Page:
...I went back and checked my own insurance policy and realized that while I have $1 million of liability coverage, I had the minimum amount of uninsured motorist coverage. My guess is that at the time I made that decision, I figured that my separate health, life and disability coverage would cover me in the event of an accident involving somebody driving around with no insurance.
That seems foolish in retrospect, given all the things that I might have to pay for out of pocket if I were hurt badly. Plus, it cost less than $6 a month to take the underinsured coverage up to $1 million.
The low price seems to indicate that the odds of making a claim are slim. But the Fishers’ experience suggests that having decent coverage is a good idea, and they are now considering increasing their own coverage.
Silly us! We thought that the Fishers' experience suggested that a drastic overhaul of the system and a new regulatory regime would be a good idea -- starting perhaps with changing that Maryland law -- but turns out, the status quo is just fine! All we need to do is spend more money on products from insurance companies, and we'll all do great. Surely these companies will pay us what we're owed when the time comes! Also, you'll never believe this, but Progressive was just acting in the dead sister's best interests. For reals.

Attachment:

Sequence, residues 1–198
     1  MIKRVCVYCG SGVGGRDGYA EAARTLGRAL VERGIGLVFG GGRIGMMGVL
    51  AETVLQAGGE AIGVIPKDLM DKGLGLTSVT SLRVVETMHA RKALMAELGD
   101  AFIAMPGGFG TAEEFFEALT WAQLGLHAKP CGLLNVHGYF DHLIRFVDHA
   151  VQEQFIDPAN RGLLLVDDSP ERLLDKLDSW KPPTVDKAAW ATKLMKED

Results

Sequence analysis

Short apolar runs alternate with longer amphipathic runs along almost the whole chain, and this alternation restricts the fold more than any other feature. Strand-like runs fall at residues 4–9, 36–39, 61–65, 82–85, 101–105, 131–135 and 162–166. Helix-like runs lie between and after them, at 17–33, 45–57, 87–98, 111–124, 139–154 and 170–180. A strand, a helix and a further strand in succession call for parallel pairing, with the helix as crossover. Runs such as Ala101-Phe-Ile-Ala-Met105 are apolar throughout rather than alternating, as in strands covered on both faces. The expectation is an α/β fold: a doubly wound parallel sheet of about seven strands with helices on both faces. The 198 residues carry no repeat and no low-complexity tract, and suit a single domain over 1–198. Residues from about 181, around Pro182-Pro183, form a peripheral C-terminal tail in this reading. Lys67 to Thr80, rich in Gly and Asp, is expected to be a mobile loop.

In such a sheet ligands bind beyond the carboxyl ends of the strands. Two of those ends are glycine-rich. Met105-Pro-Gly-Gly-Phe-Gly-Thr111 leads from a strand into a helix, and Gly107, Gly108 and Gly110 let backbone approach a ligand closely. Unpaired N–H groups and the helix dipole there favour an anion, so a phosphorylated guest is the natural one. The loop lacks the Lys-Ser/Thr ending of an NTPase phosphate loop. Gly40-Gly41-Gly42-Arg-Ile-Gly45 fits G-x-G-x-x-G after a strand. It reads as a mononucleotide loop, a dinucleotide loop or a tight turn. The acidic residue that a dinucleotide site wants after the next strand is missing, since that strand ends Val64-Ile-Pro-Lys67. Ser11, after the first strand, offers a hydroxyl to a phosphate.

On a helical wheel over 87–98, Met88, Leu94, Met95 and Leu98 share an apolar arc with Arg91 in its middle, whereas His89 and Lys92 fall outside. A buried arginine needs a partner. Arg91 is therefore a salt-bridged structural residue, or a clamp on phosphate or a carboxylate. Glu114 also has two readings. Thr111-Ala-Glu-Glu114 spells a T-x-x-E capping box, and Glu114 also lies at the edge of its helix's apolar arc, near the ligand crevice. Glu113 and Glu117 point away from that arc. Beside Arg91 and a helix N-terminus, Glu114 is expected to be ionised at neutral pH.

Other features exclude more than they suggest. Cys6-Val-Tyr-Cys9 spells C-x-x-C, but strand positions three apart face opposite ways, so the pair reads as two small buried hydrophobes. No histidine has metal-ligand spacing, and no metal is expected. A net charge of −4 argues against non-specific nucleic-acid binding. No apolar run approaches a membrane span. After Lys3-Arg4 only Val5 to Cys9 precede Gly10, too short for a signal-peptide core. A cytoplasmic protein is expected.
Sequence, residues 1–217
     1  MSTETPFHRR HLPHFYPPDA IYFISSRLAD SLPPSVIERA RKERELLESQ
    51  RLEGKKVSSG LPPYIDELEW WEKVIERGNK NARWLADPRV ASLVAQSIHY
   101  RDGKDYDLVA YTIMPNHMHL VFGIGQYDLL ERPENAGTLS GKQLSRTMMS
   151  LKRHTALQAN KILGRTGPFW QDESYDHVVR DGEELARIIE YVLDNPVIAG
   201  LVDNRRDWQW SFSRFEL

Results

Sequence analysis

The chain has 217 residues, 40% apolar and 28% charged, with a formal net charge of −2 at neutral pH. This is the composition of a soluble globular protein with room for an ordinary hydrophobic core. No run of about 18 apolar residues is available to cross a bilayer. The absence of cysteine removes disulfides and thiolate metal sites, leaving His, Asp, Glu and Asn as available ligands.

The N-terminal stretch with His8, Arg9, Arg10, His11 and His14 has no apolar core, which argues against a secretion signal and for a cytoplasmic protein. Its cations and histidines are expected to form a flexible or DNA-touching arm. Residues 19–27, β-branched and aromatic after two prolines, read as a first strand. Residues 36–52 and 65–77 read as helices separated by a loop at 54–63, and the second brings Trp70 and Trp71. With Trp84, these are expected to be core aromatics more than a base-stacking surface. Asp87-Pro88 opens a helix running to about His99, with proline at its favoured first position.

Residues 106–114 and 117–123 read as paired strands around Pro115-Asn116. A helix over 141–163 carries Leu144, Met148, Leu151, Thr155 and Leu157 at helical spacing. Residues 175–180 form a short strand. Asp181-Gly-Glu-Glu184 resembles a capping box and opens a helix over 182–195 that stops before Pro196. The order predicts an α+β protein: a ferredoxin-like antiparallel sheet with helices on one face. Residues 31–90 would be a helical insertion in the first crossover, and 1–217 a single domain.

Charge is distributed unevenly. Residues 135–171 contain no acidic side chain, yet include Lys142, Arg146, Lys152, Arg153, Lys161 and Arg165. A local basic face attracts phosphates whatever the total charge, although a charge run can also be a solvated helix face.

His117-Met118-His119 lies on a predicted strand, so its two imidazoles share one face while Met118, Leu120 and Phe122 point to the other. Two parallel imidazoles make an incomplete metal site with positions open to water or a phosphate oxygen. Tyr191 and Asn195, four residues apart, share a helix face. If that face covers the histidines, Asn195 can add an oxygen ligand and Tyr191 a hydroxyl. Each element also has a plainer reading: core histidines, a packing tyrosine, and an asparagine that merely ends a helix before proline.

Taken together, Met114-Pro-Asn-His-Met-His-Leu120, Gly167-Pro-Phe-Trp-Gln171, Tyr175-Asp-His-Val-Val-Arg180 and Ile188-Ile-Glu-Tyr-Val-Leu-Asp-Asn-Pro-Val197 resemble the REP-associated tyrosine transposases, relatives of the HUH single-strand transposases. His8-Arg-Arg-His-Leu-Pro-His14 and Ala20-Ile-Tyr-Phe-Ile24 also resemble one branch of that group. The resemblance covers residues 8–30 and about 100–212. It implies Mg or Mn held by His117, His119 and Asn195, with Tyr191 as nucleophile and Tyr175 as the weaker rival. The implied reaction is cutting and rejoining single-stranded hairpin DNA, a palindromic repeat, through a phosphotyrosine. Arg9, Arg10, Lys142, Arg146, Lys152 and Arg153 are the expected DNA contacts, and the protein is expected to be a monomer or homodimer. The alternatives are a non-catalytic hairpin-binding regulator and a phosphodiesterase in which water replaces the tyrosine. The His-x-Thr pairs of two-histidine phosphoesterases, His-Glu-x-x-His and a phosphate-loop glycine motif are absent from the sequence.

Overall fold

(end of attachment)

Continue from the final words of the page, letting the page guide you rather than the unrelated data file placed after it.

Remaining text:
Progressive sure seems to have done absolutely everything wrong here. It paid out three liability claims, doubled down in court on its interpretation of the evidence that was behind those payouts, lost in court, was roundly mocked online, will pay the underinsured motorist claim to the Fishers after all and is now also paying them a separate settlement to avoid a hearing before the state insurance commissioner.
But Ms. Marsteller of Progressive said that the company was acting in Ms. Fisher’s best interest from the start. “You make a decision and you might get a lawsuit either way,” she said. “Our goal is to make the best decision overall for the insured, and I think we did that here.”
Wouldn't the Founders be just beaming with pride if they could read this article defending corporate interests? After all, isn't this why they bothered to give us the First Amendment, and with it, Freedom of the Press? Surely it is.